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Fashion & Beauty at Mass
By: LaShada Allen, Asha Daniels, Corey Reese, Melanie St. Amour and Kadi Thompson
Posted: August 26, 2011
The 2011 graduates of the cosmetics and fragrance marketing and management master's degree program at the Fashion Institute of Technology (FIT) in New York presented their Capstone presentations at the Beauty For All: Innovations in Mass Retail event and reception, sponsored by Target, at FIT’s Haft Auditorium in May. The following white paper accompanied the presentation from LaShada Allen, Asha Daniels, Corey Reese, Melanie St. Amour and Kadi Thompson.
Fashion and beauty are inherently linked, and women throughout time and all over the world understand this. In today's oversaturated world, companies have wooed consumers with personalization and customization, and brands across all industries are starting to take note. For years, consumers have received fashion and beauty tips from their favorite magazines. However, fashion and beauty are not merchandised and marketed together at mass, the way they’ve always been linked in magazines. Conversely, prestige companies such as Dior and Chanel have been leveraging this connection in order to create one common message to the consumer. While mass brands have successfully made the connection by sponsoring major fashion events such as Maybelline’s tie with Fashion Week, they have not yet translated that connection into the retail space.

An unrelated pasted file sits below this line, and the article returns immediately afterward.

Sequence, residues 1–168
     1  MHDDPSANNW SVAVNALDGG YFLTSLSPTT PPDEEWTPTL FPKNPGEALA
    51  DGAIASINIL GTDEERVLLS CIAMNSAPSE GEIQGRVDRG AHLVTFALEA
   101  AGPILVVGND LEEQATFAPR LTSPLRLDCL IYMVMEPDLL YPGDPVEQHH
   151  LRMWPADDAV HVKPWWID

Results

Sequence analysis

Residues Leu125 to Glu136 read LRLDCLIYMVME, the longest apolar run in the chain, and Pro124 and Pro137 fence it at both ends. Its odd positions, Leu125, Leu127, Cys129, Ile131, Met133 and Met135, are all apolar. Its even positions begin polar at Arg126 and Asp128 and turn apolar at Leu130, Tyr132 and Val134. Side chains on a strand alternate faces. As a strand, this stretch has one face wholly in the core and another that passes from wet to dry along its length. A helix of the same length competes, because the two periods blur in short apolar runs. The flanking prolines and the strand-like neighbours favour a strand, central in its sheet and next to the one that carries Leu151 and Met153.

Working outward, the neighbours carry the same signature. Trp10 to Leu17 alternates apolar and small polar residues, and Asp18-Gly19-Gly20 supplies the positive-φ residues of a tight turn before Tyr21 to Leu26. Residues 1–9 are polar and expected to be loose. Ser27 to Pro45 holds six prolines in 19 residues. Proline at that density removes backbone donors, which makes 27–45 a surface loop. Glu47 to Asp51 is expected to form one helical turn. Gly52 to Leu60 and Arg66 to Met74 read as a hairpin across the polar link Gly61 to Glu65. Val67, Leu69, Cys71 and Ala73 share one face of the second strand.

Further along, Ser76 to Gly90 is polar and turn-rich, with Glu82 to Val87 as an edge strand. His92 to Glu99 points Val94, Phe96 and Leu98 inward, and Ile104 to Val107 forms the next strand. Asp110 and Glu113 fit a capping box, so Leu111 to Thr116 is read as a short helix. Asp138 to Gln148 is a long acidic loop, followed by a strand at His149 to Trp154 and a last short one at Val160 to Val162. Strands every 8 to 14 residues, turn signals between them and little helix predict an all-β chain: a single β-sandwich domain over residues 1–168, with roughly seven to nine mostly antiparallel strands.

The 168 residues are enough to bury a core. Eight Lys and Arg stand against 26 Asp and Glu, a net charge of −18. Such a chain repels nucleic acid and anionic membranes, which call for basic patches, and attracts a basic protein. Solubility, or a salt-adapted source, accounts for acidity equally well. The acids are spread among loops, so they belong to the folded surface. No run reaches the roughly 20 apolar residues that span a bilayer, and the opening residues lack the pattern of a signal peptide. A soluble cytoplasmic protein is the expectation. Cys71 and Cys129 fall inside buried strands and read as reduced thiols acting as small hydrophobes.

In the consumer’s eyes, the lines have blurred. She is shopping in multiple channels for beauty products and apparel, and looking for value in each. She sees high and low fashion being mixed on the pages of her favorite magazines. The traditional channel approach is now irrelevant. According to Wendy Liebmann, CEO of WSL Strategic Retail, “This mass channel shopper is smart.”1 While 68% of consumers say they learned lessons during the recession, they continue to shop and are looking at purchases differently. Seventy-two percent of shoppers pay attention to price and they expect good quality at low prices. Additionally, this shift in value will not end as the economy continues to improve. Sixty-four percent of shoppers are proud to be frugal and cautious.2 Today, mass retailers use lower prices to attract and retain consumers. The next challenge is to offer an enhanced shopping experience, framing it as additional value in order to retain these consumers as brands and retailers continues to compete for this frugal yet sophisticated shopper.
There are three overarching trends that are shaping consumer behavior in store, out of store and online: the popularity of one stop shopping, the advice of curators, and the proliferation of fast fashion and fast beauty. By understanding these trends, retailers must ask themselves how they can leverage the fashion and beauty connection while further driving the mass consumer. Additionally, how might retailers encourage the consumer to link purchase decisions between the two categories? By speaking to her in a way that is familiar by connecting beauty with fashion is the way retailers can grow sales of two of the highest margin categories at mass.
Traditional media has changed and with the rise of instant communication and brands has adapted its marketing to a more expressive generation. With this in mind, retailers must develop a 360 approach that links fashion and beauty at every step of the consumer’s life: enticing her with in-store merchandising, entertaining her with events, enamoring her outside of the store and engaging her using digital strategies when she’s on the go. In doing so, she will recognize that convenience, value and engaging experiences are now available at her favorite mass retailer.